JTA.org quoted Dvir Abramovich, the chairman of B'nai B'rith's Anti-Defamation Commission, in its coverage of anti-Semitic bullying in Australian schools.
Two reports of anti-Semitic bullying at schools in Australia are receiving widespread media coverage.
A photo that allegedly shows a 12-year-old Jewish student being forced to kneel to kiss the shoes of a Muslim classmate was circulated on social media. The incident occurred at the Cheltenham Secondary College in the town of Cheltenham, a Melbourne suburb, according to The Age, a Melbourne-based newspaper.
The report did not make it clear if the Muslim boy’s religion had anything to do with the incident.
A second incident took place at the Hawthorn West Primary School in Melbourne, where a 5-year-old Jewish student was called a number of anti-Semitic insults, including a “Jewish cockroach,” according to The Age.
Both Jewish boys have left their schools.
Dvir Abramovich, chairman of B’nai B’rith’s Anti-Defamation Commission, said the incidents are part of a broader trend of anti-Semitic bullying.
“There is mounting evidence that families are forced to take their children out of public schools and to enroll them in Jewish day schools due to a growing sense of insecurity and fear that their kids will be harmed simply because of who they are,” Abramovich told The Age.
The mother of the boy in the photo said she was disappointed by the school’s lack of response. She told The Age that the school said it was not responsible for the incident since it did not take place on its campus. But the mother said she talked to the parents of the Muslim student, who disapproved of their son’s actions.
Another boy involved in the incident was later suspended for punching the Jewish boy, The Age reported.
Meanwhile, the boy at Hawthorn West Primary School was repeatedly subjected to anti-Semitic insults and teased because he was circumcised, his mother told The Age. The school sent the parents an apology letter last month, the mother said.
"Those who commit horrific acts of terrorism and those who sponsor such evil must be held accountable and this decision sends a very strong and timely message. In an era of rising terrorism, this brave verdict sets a legal and moral standard for the often onerous pursuit of justice against perpetrators.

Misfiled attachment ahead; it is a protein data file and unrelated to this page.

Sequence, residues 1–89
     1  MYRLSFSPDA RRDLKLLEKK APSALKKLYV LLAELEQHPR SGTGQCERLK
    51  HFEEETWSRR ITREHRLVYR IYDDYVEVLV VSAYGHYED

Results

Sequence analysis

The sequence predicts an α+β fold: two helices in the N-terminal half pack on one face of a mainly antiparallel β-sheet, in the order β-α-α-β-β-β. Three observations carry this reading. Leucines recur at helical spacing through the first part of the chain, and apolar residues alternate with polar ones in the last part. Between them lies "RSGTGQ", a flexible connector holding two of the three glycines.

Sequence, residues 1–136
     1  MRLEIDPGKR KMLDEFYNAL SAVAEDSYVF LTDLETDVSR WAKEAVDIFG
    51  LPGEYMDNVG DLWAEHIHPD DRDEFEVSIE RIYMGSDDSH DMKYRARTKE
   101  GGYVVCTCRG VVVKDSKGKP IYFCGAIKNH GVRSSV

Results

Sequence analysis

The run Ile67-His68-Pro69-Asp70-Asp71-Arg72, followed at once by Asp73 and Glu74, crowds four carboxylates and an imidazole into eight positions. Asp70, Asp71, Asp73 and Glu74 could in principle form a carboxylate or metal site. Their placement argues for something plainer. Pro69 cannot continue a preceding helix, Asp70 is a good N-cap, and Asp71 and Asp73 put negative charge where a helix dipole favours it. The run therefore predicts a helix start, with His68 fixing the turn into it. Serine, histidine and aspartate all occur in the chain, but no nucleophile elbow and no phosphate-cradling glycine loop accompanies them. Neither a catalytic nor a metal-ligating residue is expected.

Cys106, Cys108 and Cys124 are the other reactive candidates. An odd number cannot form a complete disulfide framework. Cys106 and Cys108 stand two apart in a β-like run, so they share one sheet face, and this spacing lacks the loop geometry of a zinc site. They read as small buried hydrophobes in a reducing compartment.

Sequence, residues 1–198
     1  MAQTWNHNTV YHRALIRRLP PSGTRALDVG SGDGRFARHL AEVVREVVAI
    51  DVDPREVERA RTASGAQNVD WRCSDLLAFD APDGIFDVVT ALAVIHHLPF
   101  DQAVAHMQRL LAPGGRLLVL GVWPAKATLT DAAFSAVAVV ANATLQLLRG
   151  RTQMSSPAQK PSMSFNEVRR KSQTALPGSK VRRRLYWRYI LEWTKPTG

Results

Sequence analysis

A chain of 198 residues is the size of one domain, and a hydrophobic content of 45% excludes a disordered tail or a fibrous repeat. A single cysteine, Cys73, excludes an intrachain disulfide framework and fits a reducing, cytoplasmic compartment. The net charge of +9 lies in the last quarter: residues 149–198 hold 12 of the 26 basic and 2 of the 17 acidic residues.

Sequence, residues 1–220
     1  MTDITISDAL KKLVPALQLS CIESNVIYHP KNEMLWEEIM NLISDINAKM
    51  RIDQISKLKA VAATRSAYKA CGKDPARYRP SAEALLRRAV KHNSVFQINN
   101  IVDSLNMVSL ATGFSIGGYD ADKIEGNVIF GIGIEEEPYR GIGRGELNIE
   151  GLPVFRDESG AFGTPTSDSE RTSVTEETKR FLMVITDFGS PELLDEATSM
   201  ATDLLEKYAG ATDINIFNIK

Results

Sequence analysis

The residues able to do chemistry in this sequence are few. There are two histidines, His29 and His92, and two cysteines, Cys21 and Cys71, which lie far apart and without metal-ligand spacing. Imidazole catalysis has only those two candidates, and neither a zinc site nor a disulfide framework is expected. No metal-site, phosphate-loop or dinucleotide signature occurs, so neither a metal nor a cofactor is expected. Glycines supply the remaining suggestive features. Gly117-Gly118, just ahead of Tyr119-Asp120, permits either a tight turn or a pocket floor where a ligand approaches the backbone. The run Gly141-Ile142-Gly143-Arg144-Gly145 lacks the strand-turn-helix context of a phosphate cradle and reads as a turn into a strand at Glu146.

"Moreover, this verdict is a symbolic victory for the families of those Americans killed by the PA and the PLO in the past, such as the U.S. Ambassador to Sudan Cleo Noel, Jr., who was taken hostage and shot by PLO militants in 1973."
In the face of rising global anti-Semitism, Australia's B'nai B'rith Anti-Defamation Commission has called on university leadership to police the rhetoric and demonstrations on campuses across the continent.
B'nai B'rith ADC Chairman Dr. Dvir Abramovich spoke with the The Herald Sun, highlights of which can be found below:
The B’nai B’rith Anti-Defamation Commission’s chairman Dr Dvir Abramovich has called on universities across the country to “demand and enforce a policy of zero tolerance” towards anti-Semitic rhetoric and conduct.
He says it is on the rise and university leaders and staff must publicly condemn any acts of Jewish hatred.
“At a time when virulent anti-Semitism continues to be a serious problem on Australian campuses we call on the university leadership around the country to take immediate steps to address this troubling phenomenon head on, and to make it clear that there is no place for hate and racism on Australian campuses,” he said.
“In the short-term the most important thing is the strength of their response to individuals where they are implicated,” he said.
The B’nai B’rith Anti-Defamation Commission has raised a number of concerns including: five Jewish students allegedly being refused entry to a Socialist Alternative discussion on Israel at Monash University; two Jewish students, one wearing a Kippa, allegedly being verbally abused and shoved at RMIT; and a motion by the Monash University Student Council accusing Israel of genocide.
“All students have the right to express their lawful and reasonable views without fear or favour. However, freedom of lawful expression does not include the right to harass, vilify, threaten or intimidate others. Such behaviour has no place on a university campus.’’
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